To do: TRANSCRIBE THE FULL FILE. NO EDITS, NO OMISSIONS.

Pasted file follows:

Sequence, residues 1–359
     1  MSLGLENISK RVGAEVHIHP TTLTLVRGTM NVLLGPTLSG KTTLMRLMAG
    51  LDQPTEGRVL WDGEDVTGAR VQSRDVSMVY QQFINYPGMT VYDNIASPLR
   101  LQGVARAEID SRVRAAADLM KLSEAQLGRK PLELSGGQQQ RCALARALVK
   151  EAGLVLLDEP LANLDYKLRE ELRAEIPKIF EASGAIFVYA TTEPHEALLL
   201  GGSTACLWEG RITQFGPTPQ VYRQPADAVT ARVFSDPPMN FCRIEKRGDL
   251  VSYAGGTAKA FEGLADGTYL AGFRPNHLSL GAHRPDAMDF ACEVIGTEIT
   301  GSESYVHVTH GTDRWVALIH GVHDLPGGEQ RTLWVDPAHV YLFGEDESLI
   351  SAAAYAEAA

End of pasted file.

Sequence, residues 1–359
     1  MSLGLENISK RVGAEVHIHP TTLTLVRGTM NVLLGPTLSG KTTLMRLMAG
    51  LDQPTEGRVL WDGEDVTGAR VQSRDVSMVY QQFINYPGMT VYDNIASPLR
   101  LQGVARAEID SRVRAAADLM KLSEAQLGRK PLELSGGQQQ RCALARALVK
   151  EAGLVLLDEP LANLDYKLRE ELRAEIPKIF EASGAIFVYA TTEPHEALLL
   201  GGSTACLWEG RITQFGPTPQ VYRQPADAVT ARVFSDPPMN FCRIEKRGDL
   251  VSYAGGTAKA FEGLADGTYL AGFRPNHLSL GAHRPDAMDF ACEVIGTEIT
   301  GSESYVHVTH GTDRWVALIH GVHDLPGGEQ RTLWVDPAHV YLFGEDESLI
   351  SAAAYAEAA